Tim:

And that's existed pre pasky that existed with normal FI oh two

Tim:

credentials that existed with U two F, all these things, right?

Tim:

They're called Origin bound credentials, which is one of the

Tim:

most important things about them.

Tim:

So , , if I go to amazon.com, I am never gonna see a list of credentials

Tim:

for google.com in that list.

Tim:

it's, prohibited by the specs themselves,

. David:

So you're mitigating the possibility of cascade to zero, hopefully.

Tim:

Yep, exactly.

Mishaal:

you touched upon a lot of topics there Christian, and thank you Tim, for

Mishaal:

adding that additional bit of detail.

Mishaal:

As you mentioned, , when you create a PAs key, what's stored on the device

Mishaal:

is a private key, and that's unique to that device, but it can be backed

Mishaal:

up to a cloud service provider such as like Google Password Manager.

Mishaal:

, is there going to be some way to transfer those pro out from say Google password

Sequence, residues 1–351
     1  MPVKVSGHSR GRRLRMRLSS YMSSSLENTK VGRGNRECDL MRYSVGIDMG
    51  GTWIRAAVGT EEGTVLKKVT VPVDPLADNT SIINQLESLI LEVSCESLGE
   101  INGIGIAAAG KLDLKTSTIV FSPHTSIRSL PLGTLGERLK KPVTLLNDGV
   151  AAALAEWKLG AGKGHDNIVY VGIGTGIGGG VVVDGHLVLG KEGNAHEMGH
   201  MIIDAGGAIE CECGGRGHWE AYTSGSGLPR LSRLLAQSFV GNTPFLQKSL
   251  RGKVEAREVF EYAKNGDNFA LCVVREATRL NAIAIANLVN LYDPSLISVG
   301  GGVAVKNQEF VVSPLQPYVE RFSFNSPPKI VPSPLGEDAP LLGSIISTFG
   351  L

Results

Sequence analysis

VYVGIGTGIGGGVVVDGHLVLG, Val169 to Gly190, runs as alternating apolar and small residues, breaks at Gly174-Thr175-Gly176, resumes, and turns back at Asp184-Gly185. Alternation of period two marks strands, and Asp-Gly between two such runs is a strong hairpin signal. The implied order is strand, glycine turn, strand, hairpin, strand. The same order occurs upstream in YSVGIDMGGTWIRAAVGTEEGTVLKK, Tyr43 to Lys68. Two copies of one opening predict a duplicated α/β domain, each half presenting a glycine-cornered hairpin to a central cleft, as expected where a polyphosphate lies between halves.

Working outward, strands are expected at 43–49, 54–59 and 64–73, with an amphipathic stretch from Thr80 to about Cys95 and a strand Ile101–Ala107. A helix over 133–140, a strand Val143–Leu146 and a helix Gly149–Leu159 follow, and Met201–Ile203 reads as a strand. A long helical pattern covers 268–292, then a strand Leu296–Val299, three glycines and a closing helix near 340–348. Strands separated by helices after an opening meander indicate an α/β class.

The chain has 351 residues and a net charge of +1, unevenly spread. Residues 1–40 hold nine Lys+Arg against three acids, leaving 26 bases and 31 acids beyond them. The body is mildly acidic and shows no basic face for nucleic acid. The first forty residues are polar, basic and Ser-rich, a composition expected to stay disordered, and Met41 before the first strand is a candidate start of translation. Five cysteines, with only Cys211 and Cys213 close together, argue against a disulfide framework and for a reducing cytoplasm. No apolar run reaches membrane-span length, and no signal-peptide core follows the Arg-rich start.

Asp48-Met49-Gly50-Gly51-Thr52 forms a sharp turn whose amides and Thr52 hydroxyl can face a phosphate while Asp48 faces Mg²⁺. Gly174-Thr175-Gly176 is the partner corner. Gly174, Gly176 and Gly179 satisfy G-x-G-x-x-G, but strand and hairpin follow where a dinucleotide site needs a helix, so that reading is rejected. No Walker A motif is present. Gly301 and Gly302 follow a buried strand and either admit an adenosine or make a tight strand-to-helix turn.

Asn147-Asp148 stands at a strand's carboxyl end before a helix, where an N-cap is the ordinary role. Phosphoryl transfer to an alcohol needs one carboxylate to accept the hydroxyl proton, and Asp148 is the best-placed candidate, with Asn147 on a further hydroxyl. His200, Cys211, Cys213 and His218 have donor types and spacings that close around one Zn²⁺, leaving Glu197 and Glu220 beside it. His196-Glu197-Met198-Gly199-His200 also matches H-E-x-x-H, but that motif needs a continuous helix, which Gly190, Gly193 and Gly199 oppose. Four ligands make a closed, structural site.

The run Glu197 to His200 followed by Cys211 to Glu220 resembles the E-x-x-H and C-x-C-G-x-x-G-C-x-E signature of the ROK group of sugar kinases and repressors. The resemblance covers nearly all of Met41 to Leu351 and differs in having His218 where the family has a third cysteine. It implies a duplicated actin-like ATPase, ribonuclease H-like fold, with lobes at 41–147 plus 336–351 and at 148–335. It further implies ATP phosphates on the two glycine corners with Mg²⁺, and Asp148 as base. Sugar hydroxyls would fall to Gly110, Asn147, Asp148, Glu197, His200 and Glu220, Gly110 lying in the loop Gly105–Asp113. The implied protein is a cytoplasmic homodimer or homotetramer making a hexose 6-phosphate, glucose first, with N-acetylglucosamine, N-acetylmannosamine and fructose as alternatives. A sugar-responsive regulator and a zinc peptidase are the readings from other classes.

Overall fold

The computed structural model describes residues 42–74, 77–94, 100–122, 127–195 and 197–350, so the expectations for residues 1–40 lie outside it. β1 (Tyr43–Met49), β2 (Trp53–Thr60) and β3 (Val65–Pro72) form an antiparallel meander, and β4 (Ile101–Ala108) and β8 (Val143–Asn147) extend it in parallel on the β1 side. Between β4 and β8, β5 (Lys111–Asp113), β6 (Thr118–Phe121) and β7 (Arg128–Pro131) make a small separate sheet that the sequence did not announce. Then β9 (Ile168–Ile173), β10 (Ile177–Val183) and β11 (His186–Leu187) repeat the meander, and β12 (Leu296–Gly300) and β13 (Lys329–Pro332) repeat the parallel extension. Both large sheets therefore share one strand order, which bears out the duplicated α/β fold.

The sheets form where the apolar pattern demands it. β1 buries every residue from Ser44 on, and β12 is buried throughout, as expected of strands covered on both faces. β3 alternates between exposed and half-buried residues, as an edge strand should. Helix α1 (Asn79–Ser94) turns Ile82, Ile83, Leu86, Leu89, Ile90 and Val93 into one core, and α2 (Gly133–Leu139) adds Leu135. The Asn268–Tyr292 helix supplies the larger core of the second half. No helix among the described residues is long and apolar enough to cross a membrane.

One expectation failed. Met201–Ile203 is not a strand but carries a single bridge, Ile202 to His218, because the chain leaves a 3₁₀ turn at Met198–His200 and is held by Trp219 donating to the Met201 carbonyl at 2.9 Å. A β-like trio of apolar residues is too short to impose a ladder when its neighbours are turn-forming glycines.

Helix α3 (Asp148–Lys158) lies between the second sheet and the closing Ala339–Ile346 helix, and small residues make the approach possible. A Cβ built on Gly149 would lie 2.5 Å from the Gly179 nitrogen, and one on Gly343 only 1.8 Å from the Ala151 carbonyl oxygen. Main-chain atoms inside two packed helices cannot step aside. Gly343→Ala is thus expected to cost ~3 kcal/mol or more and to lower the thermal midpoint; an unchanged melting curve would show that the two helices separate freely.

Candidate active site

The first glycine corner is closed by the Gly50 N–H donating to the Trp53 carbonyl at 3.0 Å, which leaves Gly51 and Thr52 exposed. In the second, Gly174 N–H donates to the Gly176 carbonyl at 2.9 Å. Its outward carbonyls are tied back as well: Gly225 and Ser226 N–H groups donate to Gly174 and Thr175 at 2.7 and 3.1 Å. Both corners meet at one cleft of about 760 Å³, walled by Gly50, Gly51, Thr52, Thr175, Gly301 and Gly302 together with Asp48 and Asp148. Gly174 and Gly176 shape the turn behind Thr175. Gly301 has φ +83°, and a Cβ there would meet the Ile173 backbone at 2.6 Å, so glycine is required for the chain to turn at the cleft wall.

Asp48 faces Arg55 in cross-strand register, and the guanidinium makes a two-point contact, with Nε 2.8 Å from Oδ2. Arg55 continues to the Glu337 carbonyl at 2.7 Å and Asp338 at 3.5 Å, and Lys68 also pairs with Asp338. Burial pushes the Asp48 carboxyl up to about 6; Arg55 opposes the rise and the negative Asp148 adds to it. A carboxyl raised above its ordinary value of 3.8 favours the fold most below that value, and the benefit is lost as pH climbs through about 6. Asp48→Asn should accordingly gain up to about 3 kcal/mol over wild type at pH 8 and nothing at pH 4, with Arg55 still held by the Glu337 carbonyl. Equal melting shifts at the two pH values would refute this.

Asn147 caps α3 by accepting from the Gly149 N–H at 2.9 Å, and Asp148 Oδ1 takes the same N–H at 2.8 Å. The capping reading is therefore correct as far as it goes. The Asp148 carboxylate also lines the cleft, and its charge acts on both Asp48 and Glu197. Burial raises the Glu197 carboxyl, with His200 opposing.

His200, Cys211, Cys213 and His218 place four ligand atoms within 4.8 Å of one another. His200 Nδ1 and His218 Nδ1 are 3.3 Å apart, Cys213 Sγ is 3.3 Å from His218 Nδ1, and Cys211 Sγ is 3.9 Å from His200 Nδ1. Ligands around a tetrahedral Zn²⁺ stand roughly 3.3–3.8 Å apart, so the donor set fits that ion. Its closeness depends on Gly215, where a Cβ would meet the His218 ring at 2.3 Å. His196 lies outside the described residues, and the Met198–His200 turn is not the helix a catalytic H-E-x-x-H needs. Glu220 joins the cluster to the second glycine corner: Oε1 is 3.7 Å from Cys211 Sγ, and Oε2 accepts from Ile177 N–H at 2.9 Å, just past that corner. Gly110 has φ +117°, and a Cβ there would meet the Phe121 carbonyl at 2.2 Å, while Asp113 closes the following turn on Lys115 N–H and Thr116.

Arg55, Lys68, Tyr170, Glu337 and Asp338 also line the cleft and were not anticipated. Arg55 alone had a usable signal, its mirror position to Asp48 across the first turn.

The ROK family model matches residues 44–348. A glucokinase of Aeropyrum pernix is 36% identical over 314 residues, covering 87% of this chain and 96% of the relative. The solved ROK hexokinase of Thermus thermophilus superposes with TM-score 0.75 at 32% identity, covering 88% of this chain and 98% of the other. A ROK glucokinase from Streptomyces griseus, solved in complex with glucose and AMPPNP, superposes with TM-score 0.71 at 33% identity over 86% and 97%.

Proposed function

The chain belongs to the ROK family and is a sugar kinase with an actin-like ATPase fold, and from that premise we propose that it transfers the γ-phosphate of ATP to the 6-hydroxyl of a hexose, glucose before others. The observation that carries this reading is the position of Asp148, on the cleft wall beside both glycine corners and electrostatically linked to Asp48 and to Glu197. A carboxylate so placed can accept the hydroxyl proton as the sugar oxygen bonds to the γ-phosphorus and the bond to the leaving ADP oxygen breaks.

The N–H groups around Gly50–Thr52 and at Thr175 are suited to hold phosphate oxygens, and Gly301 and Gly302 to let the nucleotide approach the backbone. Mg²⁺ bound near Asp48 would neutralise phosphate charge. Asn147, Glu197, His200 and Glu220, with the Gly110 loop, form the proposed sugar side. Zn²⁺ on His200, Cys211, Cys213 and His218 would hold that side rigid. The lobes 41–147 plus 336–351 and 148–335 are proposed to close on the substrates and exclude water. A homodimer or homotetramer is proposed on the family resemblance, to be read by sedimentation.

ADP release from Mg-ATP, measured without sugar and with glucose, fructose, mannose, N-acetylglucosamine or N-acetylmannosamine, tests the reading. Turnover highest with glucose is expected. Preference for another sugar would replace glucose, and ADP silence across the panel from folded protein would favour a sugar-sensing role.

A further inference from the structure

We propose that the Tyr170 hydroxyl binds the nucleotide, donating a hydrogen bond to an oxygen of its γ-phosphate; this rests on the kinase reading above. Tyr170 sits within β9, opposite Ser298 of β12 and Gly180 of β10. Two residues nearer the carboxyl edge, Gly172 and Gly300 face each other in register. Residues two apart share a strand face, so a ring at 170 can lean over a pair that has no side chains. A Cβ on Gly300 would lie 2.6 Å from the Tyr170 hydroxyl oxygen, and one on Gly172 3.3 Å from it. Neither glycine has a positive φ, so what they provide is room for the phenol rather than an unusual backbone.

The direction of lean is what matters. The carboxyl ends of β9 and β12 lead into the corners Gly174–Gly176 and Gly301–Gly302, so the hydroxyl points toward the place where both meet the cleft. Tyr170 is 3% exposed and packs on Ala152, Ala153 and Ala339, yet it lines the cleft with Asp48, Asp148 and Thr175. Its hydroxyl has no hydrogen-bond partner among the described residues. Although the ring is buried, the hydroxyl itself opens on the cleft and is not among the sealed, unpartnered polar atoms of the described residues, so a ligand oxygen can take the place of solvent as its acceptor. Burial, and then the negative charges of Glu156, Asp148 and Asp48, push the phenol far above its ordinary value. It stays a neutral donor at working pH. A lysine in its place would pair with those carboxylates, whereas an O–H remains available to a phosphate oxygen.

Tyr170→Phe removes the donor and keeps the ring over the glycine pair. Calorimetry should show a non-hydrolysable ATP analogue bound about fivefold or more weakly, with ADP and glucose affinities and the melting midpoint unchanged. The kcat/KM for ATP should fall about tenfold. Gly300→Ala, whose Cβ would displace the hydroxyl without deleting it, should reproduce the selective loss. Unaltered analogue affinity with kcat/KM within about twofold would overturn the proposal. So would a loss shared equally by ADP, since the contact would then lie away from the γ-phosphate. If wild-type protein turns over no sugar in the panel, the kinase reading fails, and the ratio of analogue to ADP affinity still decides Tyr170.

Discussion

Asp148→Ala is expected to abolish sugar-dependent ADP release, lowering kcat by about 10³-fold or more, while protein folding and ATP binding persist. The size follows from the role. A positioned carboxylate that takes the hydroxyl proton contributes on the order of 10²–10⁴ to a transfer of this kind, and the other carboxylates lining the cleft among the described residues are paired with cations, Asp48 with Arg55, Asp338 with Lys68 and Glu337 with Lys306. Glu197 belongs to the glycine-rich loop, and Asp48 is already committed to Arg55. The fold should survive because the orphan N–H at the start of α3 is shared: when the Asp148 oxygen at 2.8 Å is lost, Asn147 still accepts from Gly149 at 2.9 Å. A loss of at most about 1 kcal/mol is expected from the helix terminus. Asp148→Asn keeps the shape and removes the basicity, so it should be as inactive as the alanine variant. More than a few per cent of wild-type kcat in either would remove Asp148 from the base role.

Mishaal:

manager to other password managers?

Mishaal:

If you wanna switch to last pass

Tim:

or something.

Christiaan:

I mean, I thoroughly hope so.

Christiaan:

, I think that is the intent is that users should be able to,

Christiaan:

I mean, it happens, right?

Christiaan:

Today you're on Android, tomorrow, you decide you wanna buy an iPhone.

Christiaan:

We need to allow the user specific platforms.

Christiaan:

The problem is hard though, ? We've already said that we wanted

Christiaan:

to do better than passwords.

Christiaan:

Today with password managers, you can export your passwords to plain text.

Christiaan:

they're, , they're strings anyway, right?

Christiaan:

It's fairly easy.

Christiaan:

It's not that great if an attacker were to get hold of your list of passwords,

Christiaan:

but because websites claim , and act on passwords as if they're inherently

Christiaan: